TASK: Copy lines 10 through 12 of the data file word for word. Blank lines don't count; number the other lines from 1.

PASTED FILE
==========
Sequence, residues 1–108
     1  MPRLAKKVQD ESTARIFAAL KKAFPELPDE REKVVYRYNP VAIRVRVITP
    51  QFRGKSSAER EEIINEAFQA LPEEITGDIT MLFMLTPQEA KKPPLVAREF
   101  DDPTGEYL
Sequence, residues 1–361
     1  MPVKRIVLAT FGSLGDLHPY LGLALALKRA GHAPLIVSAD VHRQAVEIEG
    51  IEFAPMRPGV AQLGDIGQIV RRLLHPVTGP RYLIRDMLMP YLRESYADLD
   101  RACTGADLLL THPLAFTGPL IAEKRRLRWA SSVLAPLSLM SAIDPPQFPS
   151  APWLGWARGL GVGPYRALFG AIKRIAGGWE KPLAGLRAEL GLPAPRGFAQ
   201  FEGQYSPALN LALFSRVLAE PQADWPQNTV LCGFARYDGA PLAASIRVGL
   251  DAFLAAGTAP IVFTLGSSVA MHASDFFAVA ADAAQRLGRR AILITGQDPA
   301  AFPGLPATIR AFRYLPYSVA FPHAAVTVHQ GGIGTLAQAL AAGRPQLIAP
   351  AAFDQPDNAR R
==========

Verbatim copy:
   201  FEGQYSPALN LALFSRVLAE PQADWPQNTV LCGFARYDGA PLAASIRVGL
   251  DAFLAAGTAP IVFTLGSSVA MHASDFFAVA ADAAQRLGRR AILITGQDPA
   301  AFPGLPATIR AFRYLPYSVA FPHAAVTVHQ GGIGTLAQAL AAGRPQLIAP